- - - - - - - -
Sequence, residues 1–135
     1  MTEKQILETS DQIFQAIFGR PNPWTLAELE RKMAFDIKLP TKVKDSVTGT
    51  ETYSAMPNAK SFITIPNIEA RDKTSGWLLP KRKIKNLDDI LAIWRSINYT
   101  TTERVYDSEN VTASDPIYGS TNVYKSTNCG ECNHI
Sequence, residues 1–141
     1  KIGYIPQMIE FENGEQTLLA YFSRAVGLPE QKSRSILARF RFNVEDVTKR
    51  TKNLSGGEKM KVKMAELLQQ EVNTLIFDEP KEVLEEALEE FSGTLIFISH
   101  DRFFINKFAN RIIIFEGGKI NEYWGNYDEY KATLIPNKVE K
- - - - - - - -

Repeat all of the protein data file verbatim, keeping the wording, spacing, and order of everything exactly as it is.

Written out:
Sequence, residues 1–135
     1  MTEKQILETS DQIFQAIFGR PNPWTLAELE RKMAFDIKLP TKVKDSVTGT
    51  ETYSAMPNAK SFITIPNIEA RDKTSGWLLP KRKIKNLDDI LAIWRSINYT
   101  TTERVYDSEN VTASDPIYGS TNVYKSTNCG ECNHI
Sequence, residues 1–141
     1  KIGYIPQMIE FENGEQTLLA YFSRAVGLPE QKSRSILARF RFNVEDVTKR
    51  TKNLSGGEKM KVKMAELLQQ EVNTLIFDEP KEVLEEALEE FSGTLIFISH
   101  DRFFINKFAN RIIIFEGGKI NEYWGNYDEY KATLIPNKVE K